I was continually amazed over the 3 day series after having jerk chicken, kettle corn, lobster mac-n-cheese, Cookie Monster Ice Cream and 2 freshly baked cinnamon rolls that made me want to try it all. By Day 3 I was ditching the protein bars and taste testing every decadent dish with a watering mouth and eyes bigger than my stomach. Don't be led astray, California desert festivals have got it going on in the food department; try one bite of baby back ribs or that fresh cinnamon roll with melted icing and tell me if you can stop.
2.Water is hard to come by
The hard mid-afternoon sun hit us at 101 degrees with minimal shade and burning skin. I wasn't drinking alcohol and happy I didn't by the looks of the others that had. With dry mouths, we were looking for water on our way to line dance when we figured out very quickly, water is hard to come by. The booths were spilling with slurring customers and line after line the cashier would shake their heads "no" that they did not serve water. I could count 6 places in my eye line that read Beer & Cocktails, but not one sign said water. The irony of being in the desert with no water and plenty of alcohol.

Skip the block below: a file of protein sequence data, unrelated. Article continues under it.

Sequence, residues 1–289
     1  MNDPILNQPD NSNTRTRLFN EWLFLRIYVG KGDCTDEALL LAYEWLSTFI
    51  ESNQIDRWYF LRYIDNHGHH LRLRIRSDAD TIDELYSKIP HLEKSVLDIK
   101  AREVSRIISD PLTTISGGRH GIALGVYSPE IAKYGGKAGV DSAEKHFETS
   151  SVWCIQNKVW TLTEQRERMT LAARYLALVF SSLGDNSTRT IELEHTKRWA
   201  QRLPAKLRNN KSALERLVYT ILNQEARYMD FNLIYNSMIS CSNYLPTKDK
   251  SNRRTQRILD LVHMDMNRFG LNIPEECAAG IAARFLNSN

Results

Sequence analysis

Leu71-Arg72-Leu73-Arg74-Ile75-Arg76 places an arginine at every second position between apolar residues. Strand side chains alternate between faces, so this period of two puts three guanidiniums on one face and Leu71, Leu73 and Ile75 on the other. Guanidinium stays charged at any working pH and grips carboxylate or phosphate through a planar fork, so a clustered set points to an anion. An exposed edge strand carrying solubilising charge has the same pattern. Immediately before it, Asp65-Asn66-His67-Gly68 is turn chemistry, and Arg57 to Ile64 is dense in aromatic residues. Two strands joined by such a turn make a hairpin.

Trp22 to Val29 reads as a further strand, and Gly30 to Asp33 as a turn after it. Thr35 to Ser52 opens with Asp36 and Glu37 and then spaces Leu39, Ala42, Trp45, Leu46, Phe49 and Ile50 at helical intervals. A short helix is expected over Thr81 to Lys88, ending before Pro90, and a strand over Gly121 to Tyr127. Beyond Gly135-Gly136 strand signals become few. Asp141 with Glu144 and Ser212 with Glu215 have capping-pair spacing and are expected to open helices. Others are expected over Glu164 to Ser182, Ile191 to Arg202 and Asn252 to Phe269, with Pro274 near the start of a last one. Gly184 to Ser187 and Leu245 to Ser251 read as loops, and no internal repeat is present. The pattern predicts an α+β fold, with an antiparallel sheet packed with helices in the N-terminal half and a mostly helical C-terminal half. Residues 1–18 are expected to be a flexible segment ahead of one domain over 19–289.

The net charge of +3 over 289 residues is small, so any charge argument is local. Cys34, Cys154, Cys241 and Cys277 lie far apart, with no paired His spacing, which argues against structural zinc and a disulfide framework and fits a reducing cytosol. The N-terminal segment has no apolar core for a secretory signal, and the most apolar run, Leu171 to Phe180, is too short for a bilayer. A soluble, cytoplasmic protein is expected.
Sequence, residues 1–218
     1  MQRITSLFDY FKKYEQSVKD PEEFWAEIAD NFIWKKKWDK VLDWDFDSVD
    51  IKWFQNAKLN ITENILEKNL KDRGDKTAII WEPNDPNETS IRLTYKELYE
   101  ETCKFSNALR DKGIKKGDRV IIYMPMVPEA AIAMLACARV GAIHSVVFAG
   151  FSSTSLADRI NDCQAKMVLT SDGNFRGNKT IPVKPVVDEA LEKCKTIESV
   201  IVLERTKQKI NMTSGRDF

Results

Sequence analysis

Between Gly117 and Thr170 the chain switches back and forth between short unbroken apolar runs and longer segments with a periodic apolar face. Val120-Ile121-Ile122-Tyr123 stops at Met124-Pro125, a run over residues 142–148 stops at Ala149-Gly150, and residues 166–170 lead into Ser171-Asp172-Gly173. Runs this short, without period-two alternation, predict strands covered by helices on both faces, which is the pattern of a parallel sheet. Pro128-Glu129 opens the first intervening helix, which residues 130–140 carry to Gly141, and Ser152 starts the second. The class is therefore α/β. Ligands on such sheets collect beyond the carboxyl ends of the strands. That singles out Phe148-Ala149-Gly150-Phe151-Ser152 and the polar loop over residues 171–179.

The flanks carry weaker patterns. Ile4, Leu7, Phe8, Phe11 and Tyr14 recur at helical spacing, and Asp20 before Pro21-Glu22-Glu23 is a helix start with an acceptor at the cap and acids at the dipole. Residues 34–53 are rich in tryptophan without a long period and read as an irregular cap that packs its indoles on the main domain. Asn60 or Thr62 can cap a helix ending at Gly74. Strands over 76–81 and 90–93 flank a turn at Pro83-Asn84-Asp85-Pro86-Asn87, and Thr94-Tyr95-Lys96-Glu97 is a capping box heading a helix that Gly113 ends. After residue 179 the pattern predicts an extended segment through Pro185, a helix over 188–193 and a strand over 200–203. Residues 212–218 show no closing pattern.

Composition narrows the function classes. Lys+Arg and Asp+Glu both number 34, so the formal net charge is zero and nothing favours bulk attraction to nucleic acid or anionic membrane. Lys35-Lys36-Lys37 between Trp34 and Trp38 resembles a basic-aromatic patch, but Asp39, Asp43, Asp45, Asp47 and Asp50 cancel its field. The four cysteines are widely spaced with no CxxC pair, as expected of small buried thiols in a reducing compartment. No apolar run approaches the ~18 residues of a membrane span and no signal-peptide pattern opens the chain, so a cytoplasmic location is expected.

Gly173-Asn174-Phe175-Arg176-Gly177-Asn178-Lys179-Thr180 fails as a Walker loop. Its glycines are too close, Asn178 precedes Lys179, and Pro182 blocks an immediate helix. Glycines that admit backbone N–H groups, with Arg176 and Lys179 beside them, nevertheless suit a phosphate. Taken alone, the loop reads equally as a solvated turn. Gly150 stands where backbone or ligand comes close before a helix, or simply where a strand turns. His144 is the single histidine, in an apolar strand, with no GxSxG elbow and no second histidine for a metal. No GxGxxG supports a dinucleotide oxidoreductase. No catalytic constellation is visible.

3. Bandanas- DO NOT FORGET